Model-based uncertainty in species range prediction

Authors: Pearson, Richard G.; Thuiller, Wilfried1; Araújo, Miguel B.; Martinez-Meyer, Enrique2; Brotons, Lluís3; McClean, Colin4; Miles, Lera5; Segurado, Pedro6; Dawson, Terence P.7; Lees, David C.

Source: Journal of Biogeography, Volume 33, Number 10, October 2006 , pp. 1704-1711(8)

Publisher: Wiley-Blackwell

Buy & download fulltext article:

OR

Price: $48.00 plus tax (Refund Policy)

Abstract:

Abstract Aim 

Many attempts to predict the potential range of species rely on environmental niche (or ‘bioclimate envelope’) modelling, yet the effects of using different niche-based methodologies require further investigation. Here we investigate the impact that the choice of model can have on predictions, identify key reasons why model output may differ and discuss the implications that model uncertainty has for policy-guiding applications. Location 

The Western Cape of South Africa. Methods 

We applied nine of the most widely used modelling techniques to model potential distributions under current and predicted future climate for four species (including two subspecies) of Proteaceae. Each model was built using an identical set of five input variables and distribution data for 3996 sampled sites. We compare model predictions by testing agreement between observed and simulated distributions for the present day (using the area under the receiver operating characteristic curve (AUC) and kappa statistics) and by assessing consistency in predictions of range size changes under future climate (using cluster analysis). Results 

Our analyses show significant differences between predictions from different models, with predicted changes in range size by 2030 differing in both magnitude and direction (e.g. from 92% loss to 322% gain). We explain differences with reference to two characteristics of the modelling techniques: data input requirements (presence/absence vs. presence-only approaches) and assumptions made by each algorithm when extrapolating beyond the range of data used to build the model. The effects of these factors should be carefully considered when using this modelling approach to predict species ranges. Main conclusions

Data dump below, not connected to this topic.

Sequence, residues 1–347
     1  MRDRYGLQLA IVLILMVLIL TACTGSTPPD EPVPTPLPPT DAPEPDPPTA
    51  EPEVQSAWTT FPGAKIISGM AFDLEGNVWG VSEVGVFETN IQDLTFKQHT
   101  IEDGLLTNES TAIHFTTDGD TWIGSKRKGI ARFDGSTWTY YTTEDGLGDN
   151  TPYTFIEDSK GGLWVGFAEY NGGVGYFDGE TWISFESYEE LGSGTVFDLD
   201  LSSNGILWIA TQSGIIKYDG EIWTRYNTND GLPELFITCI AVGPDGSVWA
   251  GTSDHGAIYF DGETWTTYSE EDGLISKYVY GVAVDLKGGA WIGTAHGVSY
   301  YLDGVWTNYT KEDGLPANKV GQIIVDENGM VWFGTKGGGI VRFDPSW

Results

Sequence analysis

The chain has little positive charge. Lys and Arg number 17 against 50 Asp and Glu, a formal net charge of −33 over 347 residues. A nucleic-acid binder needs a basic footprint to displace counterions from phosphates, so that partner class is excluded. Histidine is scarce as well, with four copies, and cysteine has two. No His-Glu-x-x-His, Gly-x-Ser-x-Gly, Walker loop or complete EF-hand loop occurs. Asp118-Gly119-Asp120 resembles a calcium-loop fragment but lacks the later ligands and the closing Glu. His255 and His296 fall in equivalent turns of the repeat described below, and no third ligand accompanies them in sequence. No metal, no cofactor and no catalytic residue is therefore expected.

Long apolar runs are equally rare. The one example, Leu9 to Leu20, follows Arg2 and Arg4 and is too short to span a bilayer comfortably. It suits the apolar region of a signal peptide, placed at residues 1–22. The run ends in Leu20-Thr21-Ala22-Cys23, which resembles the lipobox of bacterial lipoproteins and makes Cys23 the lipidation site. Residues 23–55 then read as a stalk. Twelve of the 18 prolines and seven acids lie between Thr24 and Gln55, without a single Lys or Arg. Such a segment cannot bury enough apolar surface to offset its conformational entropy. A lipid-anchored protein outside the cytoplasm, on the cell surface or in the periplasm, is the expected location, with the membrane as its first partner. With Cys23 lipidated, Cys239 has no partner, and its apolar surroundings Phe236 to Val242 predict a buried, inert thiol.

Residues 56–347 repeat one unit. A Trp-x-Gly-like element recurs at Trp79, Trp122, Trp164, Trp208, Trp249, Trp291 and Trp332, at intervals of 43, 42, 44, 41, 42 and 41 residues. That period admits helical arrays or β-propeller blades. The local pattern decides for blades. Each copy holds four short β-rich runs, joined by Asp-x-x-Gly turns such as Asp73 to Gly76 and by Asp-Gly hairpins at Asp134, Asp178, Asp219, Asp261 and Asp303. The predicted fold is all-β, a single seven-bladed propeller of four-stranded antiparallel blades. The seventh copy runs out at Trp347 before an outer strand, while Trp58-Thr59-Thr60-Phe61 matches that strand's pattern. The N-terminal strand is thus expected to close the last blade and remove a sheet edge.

We highlight an important source of uncertainty in assessments of the impacts of climate change on biodiversity and emphasize that model predictions should be interpreted in policy-guiding applications along with a full appreciation of uncertainty.

Keywords: Bioclimate envelope modelling; Cape Flora; Proteaceae; South Africa; biodiversity; climate change; conservation biogeography; distribution modelling; environmental niche modelling; species biodiversity

Document Type: Research Article

DOI: http://dx.doi.org/10.1111/j.1365-2699.2006.01460.x

Affiliations: 1: Laboratoire d'Ecologie Alpine UMR CNRS 5553 BP53, Grenoble Cedex 9, France 2: Instituto de Biología, Universidad Nacional Autónoma de México, Ciudad Universitaria, Mexico City, Mexico 3: Centre Tecnolòlogic Forestal de Catalunya, Pujada del Seminari s/n, Solsona, Catalunya, Spain 4: Environment Department, University of York, Heslington, York 5: UNEP World Conservation Monitoring Centre, Cambridge, UK 6: Unidade de Macroecologia e Conservação, Universidade de Évora, Estrada dos Leões, Évora, Portugal 7: Centre for the Study of Environmental Change and Sustainability, University of Edinburgh, Edinburgh, UK

Publication date: October 1, 2006

Tools

Key

Free Content
Free content
New Content
New content
Open Access Content
Open access content
Subscribed Content
Subscribed content
Free Trial Content
Free trial content

Text size:

A | A | A | A
Share this item with others: These icons link to social bookmarking sites where readers can share and discover new web pages. print icon Print this page